Shorall’s biology class; sophomore Juan Magallon and senior Renise Thornton from teacher Alyssa Pandolfi’s physiology class; and sophomore Sharonda Hill, along with juniors Esemerelda Rodriguez and Dennice Romero, from teacher Michele Ramirez’s chemistry and environmental science classes. Not all of the scientific insights and innovations under discussion during the dinner were the kind you might find in a textbook. “There was a woman who talked about cat litter, and the perfect blend of cat litter,” said Pandolfi. “(It’s) really weird that people obsess over that, but it just goes to show that you don’t really think about everyday products like that.”

“The most interesting thing to me was the woman from France who studies stars and how black holes come into existence,” said Thornton. Even what was for dinner ended up being a teachable moment. “All of the dinner options are written on the menu in very technical and scientific terms," said Shorall. The annual Dinner with a Scientist event has encouraged science teachers like Shorall to include more hands-on experience for students in and out of the classroom. “I think it’s really cool being able to become passionate about something and teach others about it," said Pandolfi. "But I would really love to see students doing more of educating themselves next year."

photo by Alyssa Pandolfi

Dinner guest Sophomore Juan Magallon (right), asks a zoologist questions about a lizard's lifestyle. Zoologists were standing outside with animals for students to touch and examine before the annual "Dinner with a Scientist" event, sponsored by Chevron.


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Arts

June 2013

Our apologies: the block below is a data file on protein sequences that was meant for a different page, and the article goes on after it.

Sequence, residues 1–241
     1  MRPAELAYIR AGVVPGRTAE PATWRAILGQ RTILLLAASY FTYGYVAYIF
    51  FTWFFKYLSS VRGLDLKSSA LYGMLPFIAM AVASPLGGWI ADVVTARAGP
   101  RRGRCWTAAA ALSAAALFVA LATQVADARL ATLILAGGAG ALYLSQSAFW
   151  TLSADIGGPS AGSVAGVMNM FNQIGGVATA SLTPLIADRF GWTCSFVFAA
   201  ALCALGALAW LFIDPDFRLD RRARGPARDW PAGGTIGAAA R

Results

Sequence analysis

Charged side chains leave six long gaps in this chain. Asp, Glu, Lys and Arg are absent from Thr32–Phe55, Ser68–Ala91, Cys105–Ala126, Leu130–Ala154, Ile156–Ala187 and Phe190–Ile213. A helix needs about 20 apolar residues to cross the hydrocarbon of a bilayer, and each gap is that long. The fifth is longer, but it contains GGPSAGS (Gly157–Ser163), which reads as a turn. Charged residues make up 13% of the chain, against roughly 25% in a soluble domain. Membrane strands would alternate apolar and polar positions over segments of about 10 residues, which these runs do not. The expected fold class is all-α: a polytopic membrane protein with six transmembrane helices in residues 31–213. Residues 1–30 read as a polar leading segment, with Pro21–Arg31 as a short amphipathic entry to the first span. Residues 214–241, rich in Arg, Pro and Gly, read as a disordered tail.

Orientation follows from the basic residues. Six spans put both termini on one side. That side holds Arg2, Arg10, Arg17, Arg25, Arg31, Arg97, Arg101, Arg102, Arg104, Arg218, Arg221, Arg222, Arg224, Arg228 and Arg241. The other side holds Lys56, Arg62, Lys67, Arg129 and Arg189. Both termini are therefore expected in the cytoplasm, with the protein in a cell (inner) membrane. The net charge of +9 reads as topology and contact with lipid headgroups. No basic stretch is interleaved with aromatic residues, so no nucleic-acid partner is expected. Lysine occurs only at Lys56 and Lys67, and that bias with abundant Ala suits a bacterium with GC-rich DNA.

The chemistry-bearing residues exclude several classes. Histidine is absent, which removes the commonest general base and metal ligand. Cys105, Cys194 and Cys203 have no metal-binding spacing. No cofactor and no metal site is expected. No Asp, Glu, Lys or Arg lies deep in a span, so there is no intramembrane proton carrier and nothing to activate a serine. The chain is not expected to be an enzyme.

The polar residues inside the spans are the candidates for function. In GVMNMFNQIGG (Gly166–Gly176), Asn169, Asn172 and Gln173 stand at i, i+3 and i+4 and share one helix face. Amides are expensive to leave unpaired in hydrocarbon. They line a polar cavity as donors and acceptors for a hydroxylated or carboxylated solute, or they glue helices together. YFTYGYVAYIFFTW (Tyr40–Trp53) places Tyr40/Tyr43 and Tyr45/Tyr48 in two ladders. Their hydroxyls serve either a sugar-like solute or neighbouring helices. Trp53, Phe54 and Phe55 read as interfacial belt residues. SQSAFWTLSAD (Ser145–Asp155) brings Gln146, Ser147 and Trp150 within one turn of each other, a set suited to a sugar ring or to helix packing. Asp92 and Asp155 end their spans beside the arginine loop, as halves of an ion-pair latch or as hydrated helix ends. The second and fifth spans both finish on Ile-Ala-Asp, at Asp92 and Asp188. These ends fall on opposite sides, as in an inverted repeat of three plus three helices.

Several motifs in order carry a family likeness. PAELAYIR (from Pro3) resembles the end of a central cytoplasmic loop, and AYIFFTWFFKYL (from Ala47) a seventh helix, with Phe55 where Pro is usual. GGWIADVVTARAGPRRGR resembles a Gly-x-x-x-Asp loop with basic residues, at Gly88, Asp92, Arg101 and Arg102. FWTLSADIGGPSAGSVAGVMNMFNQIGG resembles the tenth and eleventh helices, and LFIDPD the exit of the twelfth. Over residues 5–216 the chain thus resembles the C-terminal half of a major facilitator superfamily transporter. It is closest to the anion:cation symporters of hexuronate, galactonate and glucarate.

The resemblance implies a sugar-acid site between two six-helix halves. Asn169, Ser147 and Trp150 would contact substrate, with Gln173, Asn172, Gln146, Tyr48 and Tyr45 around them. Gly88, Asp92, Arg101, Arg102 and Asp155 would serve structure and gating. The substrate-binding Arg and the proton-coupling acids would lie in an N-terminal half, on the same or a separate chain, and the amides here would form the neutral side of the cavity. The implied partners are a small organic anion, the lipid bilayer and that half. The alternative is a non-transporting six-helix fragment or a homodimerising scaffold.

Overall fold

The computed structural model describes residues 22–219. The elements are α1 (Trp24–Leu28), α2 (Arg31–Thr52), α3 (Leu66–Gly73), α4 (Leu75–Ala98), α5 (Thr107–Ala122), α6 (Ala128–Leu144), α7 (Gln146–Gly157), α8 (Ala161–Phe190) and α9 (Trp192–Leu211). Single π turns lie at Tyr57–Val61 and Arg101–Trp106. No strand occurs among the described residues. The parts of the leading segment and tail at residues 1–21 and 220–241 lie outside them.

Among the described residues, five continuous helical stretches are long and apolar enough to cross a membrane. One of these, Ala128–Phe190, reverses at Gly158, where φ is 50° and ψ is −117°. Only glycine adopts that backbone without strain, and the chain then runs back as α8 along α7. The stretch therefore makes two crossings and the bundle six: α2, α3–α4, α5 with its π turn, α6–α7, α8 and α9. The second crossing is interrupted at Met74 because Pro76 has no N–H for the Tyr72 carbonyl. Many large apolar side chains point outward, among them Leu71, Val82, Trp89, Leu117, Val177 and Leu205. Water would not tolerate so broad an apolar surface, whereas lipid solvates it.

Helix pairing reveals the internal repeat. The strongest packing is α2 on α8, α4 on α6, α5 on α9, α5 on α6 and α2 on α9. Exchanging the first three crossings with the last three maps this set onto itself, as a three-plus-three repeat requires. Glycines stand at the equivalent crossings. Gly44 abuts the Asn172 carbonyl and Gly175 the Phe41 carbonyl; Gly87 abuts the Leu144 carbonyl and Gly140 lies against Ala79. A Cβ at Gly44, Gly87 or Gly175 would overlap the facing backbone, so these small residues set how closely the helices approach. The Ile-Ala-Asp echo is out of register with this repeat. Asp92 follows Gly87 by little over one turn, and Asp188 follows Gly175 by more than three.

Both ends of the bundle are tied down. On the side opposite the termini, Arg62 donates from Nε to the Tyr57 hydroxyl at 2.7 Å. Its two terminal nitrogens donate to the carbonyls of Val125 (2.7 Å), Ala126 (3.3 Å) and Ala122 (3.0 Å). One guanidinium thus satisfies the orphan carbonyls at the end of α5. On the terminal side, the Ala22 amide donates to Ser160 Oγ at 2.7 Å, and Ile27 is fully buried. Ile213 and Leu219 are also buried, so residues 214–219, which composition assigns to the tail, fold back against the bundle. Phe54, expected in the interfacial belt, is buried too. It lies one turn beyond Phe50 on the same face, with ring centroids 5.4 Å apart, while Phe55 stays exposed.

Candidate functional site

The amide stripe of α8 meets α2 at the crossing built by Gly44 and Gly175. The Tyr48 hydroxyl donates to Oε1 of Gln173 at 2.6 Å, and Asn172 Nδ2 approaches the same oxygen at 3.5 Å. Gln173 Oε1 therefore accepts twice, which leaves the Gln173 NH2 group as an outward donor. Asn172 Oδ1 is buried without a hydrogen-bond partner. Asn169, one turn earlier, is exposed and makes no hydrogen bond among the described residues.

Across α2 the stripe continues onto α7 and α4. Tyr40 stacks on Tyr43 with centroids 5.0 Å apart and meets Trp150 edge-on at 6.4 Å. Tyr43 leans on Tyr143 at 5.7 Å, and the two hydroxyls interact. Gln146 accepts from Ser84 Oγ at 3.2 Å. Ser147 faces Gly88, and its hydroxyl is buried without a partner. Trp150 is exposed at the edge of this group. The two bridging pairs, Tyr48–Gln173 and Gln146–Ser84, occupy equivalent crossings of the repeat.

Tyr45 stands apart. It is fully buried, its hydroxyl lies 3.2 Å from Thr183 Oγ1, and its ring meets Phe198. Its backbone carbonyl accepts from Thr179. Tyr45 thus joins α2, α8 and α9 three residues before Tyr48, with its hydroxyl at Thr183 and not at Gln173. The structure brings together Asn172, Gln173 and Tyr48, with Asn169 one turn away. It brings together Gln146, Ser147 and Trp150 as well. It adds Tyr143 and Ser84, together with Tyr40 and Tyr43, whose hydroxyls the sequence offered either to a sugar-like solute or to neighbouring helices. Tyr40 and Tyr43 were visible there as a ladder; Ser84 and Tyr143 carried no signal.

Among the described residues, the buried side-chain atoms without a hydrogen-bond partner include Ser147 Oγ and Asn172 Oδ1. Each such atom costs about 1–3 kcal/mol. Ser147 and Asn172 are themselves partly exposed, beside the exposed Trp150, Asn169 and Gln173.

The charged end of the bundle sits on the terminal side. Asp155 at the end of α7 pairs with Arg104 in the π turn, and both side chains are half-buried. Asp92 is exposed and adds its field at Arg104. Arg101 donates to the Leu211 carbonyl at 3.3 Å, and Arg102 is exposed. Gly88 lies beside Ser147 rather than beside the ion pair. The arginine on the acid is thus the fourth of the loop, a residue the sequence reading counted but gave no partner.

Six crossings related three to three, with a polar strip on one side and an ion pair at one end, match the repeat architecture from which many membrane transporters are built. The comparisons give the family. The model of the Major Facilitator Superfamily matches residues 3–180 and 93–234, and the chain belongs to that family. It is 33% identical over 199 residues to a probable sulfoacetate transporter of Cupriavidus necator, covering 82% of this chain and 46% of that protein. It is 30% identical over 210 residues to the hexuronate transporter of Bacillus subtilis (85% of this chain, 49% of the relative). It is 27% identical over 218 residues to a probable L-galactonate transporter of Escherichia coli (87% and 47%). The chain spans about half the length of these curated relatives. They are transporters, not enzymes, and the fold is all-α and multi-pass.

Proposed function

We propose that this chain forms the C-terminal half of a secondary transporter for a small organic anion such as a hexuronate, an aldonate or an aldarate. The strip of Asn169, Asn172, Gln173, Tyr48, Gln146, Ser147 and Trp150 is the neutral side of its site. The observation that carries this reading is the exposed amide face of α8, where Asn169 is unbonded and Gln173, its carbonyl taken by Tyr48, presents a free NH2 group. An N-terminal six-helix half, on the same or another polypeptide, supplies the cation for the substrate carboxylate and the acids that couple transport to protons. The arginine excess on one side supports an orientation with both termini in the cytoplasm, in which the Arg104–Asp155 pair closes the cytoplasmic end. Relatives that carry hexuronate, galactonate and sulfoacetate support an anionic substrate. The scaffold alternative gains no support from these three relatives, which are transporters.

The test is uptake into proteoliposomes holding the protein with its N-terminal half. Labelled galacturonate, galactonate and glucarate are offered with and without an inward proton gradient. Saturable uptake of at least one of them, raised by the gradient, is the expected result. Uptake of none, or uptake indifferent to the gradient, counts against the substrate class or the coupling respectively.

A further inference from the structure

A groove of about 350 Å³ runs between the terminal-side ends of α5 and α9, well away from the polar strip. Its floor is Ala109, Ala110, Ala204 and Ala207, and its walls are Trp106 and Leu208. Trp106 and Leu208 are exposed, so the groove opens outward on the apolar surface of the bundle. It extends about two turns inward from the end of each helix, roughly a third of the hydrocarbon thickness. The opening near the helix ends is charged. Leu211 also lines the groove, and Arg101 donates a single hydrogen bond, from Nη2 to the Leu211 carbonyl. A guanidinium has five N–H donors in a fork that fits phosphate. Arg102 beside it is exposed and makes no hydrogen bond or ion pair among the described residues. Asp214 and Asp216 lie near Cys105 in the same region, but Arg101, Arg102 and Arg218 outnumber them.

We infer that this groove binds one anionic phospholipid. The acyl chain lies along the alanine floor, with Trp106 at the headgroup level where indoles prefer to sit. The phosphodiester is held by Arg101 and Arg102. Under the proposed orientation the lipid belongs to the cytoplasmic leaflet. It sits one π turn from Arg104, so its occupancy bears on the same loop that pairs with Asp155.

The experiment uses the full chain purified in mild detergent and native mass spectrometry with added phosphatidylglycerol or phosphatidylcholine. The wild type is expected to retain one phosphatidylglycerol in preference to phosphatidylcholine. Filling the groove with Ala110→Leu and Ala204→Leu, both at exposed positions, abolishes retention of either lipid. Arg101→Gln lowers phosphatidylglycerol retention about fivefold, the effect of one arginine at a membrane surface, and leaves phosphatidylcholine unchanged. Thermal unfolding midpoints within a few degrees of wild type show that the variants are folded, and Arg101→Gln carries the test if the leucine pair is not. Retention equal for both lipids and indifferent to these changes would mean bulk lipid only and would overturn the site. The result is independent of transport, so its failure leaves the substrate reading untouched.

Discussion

castlecrier@tumblr.com

Ye Castle Crier

Review: Music Fest Truly a BFD by Jennifer Almendarez & Esmeralda Argueta

Staff Writer

Every year since 1994, radio music station 105.3 FM, widely known as “Live 105,” has hosted the BFD (Big Fucking Day) Music Festival at the Shoreline Amphitheatre, in Mountain View, Calif. BFD hosts up-and-coming bands as well as more renowned bands. A mixture of genres, such as indie, electro, and alternative, were present at this year’s festival. The lineup did not disappoint; in fact, this year’s soldout BFD was the largest in the festival’s history. Performances ranged from local bands like Anya and the Get Down, to more established bands such as Jimmy Eat World and Passion Pit. We focused on the Bud Light Festival Stage and the Main Stage, where alternative rock bands performed. New Politics, Twenty One Pilots, The Neighbourhood, The Airborne Toxic Event, and Jimmy Eat World, were the bands that made BFD memorable, well worth the 10 hours of standing in the blazing sun, melting in sunscreen. We were in the depths of the crowd, enveloped in a cloud of marijuana, and the hot smell of beer breath. It was truly an unforgettable experience, in which all people — especially those who aspire to get their adrenaline pumping — should indulge.

photo by Dezire Hall

Beats for Peace Castlemont 's ska band performs in the school courtyard during a recent lunchtime break.

From left to right: Erick Zamudio on base, Elvis Alvarado on electric bass, and Music Director Juliann Moscovitz. Not shown: Freemont Tuuta (trumpet), Vania Baltazar (tenor sax) and Eduardo Martinez (drums).

New ska group plays to ease tension by Brandon Ros

Staff Writer

Castlemont’s band went through many challenges throughout this year: Among the changes were adjusting to a new teacher, Music Director Juliann Moscovitz, and beginning a new genre, ska. Band members still found time to be able to perform despite all the violent disruptions throughout the year; the shooting of a Castlemont student in May (see "School plans to give diploma to slain teen,"